Am 09.05.2013 15:21, schrieb Jonathan Nieder:

Sven Strickroth wrote:

With MSVC initializing a variable with "int a=a" causes a warning about
using an uninitialized value.
--- a/builtin/rev-list.c
+++ b/builtin/rev-list.c
@@ -338,7 +338,7 @@ int cmd_rev_list(int argc, const char **argv, const char 
                mark_edges_uninteresting(revs.commits, &revs, show_edge);

        if (bisect_list) {
-               int reaches = reaches, all = all;
+               int reaches = 0, all = 0;

A correct way to spell this is

                int reaches, all;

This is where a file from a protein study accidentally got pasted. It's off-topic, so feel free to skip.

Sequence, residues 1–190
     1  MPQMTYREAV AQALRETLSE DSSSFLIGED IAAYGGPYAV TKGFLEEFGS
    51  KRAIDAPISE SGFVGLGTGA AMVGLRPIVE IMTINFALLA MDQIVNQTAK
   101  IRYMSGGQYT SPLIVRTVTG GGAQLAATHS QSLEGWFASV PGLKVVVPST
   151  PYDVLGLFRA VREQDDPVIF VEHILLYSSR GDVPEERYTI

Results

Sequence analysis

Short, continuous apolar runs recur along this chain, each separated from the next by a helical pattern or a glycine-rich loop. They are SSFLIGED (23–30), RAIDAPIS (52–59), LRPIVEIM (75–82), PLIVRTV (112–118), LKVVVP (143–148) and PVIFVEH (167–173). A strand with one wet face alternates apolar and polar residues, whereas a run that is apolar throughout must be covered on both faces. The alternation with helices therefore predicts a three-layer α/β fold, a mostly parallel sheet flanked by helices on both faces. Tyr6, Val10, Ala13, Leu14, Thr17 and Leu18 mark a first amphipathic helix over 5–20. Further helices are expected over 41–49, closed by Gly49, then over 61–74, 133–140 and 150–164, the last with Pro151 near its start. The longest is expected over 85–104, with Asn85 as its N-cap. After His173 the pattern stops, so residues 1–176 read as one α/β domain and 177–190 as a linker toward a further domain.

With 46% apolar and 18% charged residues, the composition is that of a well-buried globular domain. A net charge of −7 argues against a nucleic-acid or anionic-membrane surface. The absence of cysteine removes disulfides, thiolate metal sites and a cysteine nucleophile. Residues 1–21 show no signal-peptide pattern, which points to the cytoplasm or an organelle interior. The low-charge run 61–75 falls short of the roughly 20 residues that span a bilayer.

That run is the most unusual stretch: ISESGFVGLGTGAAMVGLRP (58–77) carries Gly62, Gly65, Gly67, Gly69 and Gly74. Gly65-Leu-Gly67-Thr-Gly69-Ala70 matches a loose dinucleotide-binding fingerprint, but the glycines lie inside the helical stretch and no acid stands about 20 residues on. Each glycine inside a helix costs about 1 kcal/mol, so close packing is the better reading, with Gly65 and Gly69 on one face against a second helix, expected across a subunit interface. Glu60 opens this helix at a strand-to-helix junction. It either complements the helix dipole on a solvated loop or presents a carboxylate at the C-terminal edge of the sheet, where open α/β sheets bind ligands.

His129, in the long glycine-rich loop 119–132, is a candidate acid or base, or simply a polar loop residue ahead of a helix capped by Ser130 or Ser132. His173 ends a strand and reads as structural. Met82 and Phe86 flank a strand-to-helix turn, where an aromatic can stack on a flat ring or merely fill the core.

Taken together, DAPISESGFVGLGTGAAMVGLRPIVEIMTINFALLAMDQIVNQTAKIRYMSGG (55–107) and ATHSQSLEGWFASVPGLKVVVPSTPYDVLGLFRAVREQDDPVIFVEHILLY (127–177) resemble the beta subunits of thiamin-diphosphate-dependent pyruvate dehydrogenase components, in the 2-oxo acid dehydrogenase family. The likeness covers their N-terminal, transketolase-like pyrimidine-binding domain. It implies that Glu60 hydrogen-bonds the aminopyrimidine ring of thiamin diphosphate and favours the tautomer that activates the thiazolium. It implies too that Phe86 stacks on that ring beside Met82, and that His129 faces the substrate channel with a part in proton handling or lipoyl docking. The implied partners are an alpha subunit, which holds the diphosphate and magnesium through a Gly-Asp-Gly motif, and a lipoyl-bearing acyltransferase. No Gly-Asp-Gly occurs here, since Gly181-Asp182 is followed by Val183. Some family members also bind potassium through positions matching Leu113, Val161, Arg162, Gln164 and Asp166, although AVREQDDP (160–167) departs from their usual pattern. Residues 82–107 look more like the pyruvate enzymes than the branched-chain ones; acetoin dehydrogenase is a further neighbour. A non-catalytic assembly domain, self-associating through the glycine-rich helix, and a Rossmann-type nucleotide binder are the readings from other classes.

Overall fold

which, as a bonus, lets the compiler warn if they are used
uninitialized.  Does that provoke warnings?

Only find_bisection() (defined in bisect.c) is used to set these variables in that block. While it sets "all" unconditionally, it doesn't always set "reaches" -- only if it actually finds something. That's still safe because the following code path errors out early if nothing was found before it uses "reaches".

Are there C compilers that can analyse initialization and usage of variables across compilation units like that?

Anyway, initializing the variables to zero makes this code consistent with the second call-site of find_bisection(). Making sure this function sets "reaches" unconditionally as well and dropping the initialization from both places may be even better.


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